To make matters worse we also see the frightening Cancer and Aids statistics of nearly 10 million and an unacceptably staggering malnourished ongoing in disastrous and impoverished zones in total effecting over 4i million people,  On the opposite side not tabled are all the well to do oldies all now living way longer now. This means the net increase of Newbies will have less room to play while we demand to be taken care of from their taxes. In China especially now we need to just watch this space as a faster developing middle class there become petrol heads and use more of the resources.

A snapshot of the World clock numbers as at Oct 8 2010  means we are now able  to compare these to the April snap as follows:

image

It certainly shows the planet is warner, thanks to the 21 Billion  tons of C02 being pumped upstairs to keep the heat inside. It is worrisome as well to see the oil  reserves have continued to further decreased as has the exhaustion timer.

Depletion of the Oil reserves was of course accelerated by wanton waste and massive ecological damage caused by pumping of 23 billion barrel of  crude straight in into the sea. BP Oil in the gulf of Mexico being the majority although Nigeria has been pumping into the hinterland for years.

On the issue of population and space for us all to live I am reminded of some years back, of a theory I had when flying in and out of places like Los Angeles, London and New York. Counting the staggering number of planes coming and going saw my theory, accepted at least in humor circles, when making the point about sustainability innovation. I argued we could count as useable living space seats on planes being constantly in use and travelling.

My useless counting by the way helped kill the boredom of what were most often a long take off queues. And in my overnight stays near the airports, like counting sheep, I found was a good trick to overcome jetlag and get to sleep. I did note however a constant 24 hour stream of planes on the glide path all landing within minutes of each other in those places. And my mind would rattle as I tried to compute the fuel burn and the likely number people in the air at any one time.  Around the time also World Trade fiasco saw everyone grounded and put paid to my theory as the opposite perspective took hold and the skies were then totally empty.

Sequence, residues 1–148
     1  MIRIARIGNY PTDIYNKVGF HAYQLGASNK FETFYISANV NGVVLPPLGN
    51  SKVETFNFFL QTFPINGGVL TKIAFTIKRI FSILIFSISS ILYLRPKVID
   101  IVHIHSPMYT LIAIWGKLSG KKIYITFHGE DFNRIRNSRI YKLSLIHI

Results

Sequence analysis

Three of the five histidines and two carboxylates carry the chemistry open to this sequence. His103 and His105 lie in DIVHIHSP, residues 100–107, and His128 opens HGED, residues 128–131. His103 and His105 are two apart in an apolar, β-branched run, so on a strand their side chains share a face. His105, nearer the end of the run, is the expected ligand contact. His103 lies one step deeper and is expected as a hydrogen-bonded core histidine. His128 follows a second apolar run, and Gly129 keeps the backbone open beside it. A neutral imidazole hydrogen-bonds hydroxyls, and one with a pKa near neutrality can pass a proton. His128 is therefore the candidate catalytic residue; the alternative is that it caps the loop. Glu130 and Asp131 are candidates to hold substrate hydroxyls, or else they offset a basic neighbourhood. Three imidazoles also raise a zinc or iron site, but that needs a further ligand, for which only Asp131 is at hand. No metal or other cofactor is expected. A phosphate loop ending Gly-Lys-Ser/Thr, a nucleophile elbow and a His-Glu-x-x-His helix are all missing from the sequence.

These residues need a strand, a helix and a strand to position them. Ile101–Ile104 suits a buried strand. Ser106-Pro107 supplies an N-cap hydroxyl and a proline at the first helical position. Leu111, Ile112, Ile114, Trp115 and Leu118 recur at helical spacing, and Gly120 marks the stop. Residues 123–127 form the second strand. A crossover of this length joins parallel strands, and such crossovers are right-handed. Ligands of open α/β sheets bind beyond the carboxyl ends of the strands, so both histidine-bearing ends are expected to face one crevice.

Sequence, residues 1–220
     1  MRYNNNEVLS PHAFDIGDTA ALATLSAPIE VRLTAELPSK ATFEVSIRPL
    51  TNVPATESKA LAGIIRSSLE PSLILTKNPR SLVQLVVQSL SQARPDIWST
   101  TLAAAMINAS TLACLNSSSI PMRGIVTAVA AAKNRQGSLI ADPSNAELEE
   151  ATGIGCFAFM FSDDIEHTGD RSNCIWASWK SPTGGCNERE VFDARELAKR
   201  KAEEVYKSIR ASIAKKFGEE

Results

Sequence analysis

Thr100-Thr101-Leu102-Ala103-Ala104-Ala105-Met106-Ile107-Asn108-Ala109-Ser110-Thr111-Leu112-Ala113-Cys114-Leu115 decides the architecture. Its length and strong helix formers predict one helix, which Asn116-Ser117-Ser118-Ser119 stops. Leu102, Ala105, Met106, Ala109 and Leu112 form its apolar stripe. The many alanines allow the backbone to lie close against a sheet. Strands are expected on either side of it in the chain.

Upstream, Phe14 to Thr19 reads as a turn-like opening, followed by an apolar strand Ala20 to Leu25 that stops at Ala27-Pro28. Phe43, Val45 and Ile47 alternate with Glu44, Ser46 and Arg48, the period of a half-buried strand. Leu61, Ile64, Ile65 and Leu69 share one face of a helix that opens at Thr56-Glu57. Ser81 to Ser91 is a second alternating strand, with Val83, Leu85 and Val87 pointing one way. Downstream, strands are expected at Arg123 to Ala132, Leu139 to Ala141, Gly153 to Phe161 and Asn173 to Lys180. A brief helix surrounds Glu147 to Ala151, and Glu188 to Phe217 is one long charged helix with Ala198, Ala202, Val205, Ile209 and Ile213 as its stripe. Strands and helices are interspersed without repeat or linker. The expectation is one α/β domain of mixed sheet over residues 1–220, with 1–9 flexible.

But even then my estimate of having 500,000 people always airborne was a drop in the bucket to solve the issue.  My guess I later found out, was way off when someone told me a Discovery Channel program had estimated 260 000 people is in the air at the same time. So I revert now to repeat the comment made in April as sensible to continue to make the sustainability point.

This earth clock shows incredible depletion rates that are actually frightening. When you see them presented in this interactive update page, yearly, monthly, weekly figures are one thing but what really makes you think is the daily depletion rate changing before your eyes.

Poodwaddle.com

Tolling on our minds as well is the fact that deserts of the world have now increased to over one-third of Earth’s land surface. And this has occurred as the populations expand and resources get burned.

clip_image004That encroaching fact has troubled even early years school children for decades but what is making this increasingly trouble-some now is the rate of tropical deforestation, which at the current rate will see the world’s remaining tropical rainforests will vanish in just 30 years.

Deforestation in the tropical areas of the world is following a course similar to the earlier clearing of the forests in Europe and North America, only advancing more rapidly.

In a paper I found entitled The Future of the Rainforests,  it quoted scientist estimates that 10,000 years ago, the world had 6 billion acres of ttropical rainforests. By 1950, we had a little less half of that left which is now being cut down at the rate of about 10 to 15 million acres per year, so we have only 1/4 left  now being 1.5 billion acres. The message is crystal clear. We must protect the world’s remaining rainforests and their rich biological resources.

clip_image006The graph on the left say with out any change of approach there will be nothing left for my 3 year old granddaughter’s kids.

Perhaps once glimmer of hope is the increase in forests replanting, as shown on the clock figures, giving us perhaps a sense of hoe that something can be be done. But all that does not even go close to the mark to compensate since April.the nearly 53 million new faces who now have to feed,  The outlook for them may be there will soon be no space for them to sit at the table to eat.